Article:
Chris Elliott
Photo: Deborah Feingold (Getty Images)

At this point, we’re well into the cult critical resurrection of Cabin Boy, Chris Elliott and Adam Resnick’s bizarre and frequently prescient attempt to translate the anti-comedy threads of their work together on Late Night With David Letterman and Get A Life into a parody of semi-mainstream adventure movies. Watching it now, the 1994 bomb feels like a blueprint for any number of celebrated sketch or Adult Swim shows, trading heavily on intentionally unlikable characters (especially Elliott as the shorts-wearing, squeaky-voiced “fancy lad” lead) and brilliantly conceived non-sequiturs.

That’s very little comfort, though, to Resnick and Elliott, who have spent much of their careers trying to recover from creating one of the most critically hated movies of the mid-’90s, a stock punchline for pundits searching for a stereotypically derided film to mock. Resnick, especially—who never directed again, having only taken the job in the first place because producer Tim Burton pressured him into it—seems continually traumatized by it, waving off modern-day compliments and dwelling on how much opprobrium the movie he didn’t even want to make in the first place received.

That’s the major takeaway from a new history of Cabin Boy, published this week in The Ringer. Written by Michael Tedder, the piece talks to both Elliott and Resnick, charting their friendship from their time together on Letterman, to the set of Get A Life—a series that apparently provoked Fox to just sort of grimly give up on even trying to give them notes—to the moment when Burton decided not to direct the movie they’d written for him, handing it off to Resnick instead. (As Resnick says in the piece—and similarly told us in an interview back in 2014—that was especially frustrating because he and Elliott had written the movie to match the celebrated director’s sensibilities, not necessarily their own.)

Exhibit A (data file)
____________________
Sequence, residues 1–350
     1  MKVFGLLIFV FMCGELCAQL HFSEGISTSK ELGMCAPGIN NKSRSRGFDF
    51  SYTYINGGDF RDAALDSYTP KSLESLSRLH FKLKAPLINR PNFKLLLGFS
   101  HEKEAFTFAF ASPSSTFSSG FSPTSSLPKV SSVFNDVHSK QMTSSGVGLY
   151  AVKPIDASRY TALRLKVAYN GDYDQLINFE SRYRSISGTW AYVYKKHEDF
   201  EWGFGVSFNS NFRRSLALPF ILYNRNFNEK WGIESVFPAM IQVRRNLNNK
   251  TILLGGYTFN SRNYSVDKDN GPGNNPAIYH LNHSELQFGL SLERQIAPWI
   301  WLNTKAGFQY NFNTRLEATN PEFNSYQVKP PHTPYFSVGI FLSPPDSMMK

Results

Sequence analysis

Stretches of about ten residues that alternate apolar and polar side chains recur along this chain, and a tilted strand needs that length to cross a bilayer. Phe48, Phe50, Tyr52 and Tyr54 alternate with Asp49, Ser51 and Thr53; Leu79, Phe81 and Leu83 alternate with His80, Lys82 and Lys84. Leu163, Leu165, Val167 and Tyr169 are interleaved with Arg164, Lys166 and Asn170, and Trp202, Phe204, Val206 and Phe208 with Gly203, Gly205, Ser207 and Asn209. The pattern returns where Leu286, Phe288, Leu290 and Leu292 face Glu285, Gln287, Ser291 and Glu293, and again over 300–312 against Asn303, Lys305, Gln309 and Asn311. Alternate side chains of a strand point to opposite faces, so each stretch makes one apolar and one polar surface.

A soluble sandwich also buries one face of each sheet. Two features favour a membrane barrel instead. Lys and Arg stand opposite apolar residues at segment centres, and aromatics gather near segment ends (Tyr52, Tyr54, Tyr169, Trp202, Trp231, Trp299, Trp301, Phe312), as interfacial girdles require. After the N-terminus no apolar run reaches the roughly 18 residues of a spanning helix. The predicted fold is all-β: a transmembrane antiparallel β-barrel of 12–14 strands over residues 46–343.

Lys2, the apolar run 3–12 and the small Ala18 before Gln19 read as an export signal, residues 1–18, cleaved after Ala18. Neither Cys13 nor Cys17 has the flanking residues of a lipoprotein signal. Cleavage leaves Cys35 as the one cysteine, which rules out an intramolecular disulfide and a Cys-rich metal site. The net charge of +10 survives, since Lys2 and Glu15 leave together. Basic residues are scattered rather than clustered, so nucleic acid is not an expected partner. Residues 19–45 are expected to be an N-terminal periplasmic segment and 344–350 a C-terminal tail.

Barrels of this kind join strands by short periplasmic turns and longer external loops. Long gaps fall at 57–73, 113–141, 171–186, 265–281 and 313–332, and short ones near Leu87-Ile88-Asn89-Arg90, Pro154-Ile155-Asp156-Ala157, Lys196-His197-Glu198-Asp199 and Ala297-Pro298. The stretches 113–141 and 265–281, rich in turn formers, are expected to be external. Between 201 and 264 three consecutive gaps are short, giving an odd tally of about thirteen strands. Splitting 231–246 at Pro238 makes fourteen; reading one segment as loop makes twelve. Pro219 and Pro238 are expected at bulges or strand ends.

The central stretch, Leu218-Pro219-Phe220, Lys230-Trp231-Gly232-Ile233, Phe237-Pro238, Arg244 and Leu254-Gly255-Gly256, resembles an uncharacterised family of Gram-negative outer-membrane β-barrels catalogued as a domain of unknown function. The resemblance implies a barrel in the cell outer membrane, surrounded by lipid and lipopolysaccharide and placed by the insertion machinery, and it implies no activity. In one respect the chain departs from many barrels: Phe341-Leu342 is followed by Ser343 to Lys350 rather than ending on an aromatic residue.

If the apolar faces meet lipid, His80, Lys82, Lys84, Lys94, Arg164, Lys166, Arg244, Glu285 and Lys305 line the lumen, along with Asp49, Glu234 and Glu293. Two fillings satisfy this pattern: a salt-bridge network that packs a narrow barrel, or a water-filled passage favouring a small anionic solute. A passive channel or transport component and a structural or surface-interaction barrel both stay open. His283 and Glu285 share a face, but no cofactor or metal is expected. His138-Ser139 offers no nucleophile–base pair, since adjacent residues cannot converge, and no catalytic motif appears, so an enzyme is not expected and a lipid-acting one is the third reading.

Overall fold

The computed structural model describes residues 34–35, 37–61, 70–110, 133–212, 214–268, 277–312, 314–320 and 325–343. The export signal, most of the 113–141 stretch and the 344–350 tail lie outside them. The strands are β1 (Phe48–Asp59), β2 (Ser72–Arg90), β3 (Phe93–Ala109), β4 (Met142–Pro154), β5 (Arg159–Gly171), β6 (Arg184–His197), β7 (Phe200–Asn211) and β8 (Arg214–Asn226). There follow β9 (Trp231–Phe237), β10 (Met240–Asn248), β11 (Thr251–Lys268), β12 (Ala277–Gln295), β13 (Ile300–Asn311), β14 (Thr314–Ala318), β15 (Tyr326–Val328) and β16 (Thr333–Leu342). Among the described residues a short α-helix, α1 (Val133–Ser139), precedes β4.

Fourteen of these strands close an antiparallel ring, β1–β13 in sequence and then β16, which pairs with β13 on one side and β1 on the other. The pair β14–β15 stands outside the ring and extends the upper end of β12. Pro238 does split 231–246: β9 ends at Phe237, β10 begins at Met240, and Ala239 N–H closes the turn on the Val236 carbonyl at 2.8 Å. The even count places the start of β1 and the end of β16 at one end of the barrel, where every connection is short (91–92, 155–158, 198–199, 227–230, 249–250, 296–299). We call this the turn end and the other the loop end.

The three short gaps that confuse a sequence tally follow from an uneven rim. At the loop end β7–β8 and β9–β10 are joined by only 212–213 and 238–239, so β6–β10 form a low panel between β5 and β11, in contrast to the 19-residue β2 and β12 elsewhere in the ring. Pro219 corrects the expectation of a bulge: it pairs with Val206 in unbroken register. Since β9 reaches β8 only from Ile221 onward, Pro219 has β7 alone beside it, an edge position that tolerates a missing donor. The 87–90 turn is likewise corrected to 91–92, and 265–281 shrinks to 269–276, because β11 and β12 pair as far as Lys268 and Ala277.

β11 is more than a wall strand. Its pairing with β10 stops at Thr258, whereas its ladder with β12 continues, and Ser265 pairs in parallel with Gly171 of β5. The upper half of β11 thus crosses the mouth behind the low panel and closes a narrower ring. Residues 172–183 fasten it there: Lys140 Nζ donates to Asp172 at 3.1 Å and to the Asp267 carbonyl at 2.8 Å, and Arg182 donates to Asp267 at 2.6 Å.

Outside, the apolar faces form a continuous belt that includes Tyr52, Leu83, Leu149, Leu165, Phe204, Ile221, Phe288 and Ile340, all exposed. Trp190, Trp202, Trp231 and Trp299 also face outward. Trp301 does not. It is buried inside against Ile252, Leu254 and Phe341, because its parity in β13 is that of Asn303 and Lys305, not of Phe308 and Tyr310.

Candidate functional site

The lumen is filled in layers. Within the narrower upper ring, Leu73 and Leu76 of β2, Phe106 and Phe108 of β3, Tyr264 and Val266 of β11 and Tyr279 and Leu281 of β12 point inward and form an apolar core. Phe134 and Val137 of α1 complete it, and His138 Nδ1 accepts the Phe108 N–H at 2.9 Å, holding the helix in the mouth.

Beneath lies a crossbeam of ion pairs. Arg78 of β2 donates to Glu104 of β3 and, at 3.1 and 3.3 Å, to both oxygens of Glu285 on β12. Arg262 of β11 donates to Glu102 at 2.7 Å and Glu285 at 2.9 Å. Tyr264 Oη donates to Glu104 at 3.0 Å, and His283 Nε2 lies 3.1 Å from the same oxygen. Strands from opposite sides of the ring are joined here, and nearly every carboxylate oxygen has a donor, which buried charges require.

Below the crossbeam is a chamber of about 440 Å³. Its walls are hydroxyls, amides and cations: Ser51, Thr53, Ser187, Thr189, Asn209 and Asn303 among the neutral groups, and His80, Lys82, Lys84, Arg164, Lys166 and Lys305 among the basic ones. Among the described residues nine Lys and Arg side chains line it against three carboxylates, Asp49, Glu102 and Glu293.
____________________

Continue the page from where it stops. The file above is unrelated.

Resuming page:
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Resnick is still trying to work out why the movie didn’t fade from the public consciousness like so many other flops, and what he could have done to fix things. “If we could do it over again, but only change a couple of things, I think we’d lose the helium accent and maybe Chris wouldn’t wear shorts,” he notes at one point. Meanwhile, the film’s enduring reputation probably wasn’t helped by the pair’s old hero/mentor/monkey salesman David Letterman, who mocked his own cameo in it during his infamous stint as host of the Oscars in 1995, even roping in Tom Hanks, Michael Keaton, Albert Brooks, and more to mercilessly mock the poor thing.

The saddest part of The Ringer’s piece comes at the end, though, when Elliott and Resnick both note that, while they’re still close friends (and reasonably successful in their chosen fields), they both refuse to professionally collaborate ever again. “That’s our punishment,” Elliott says. “I think Adam is the funniest writer in the world and I’m still learning things from him. I still can get on the phone with him and we can talk about the guy who danced weird in the wedding sequence of The Godfather and laugh about that. But I think we would be too insecure to try to work together again.”

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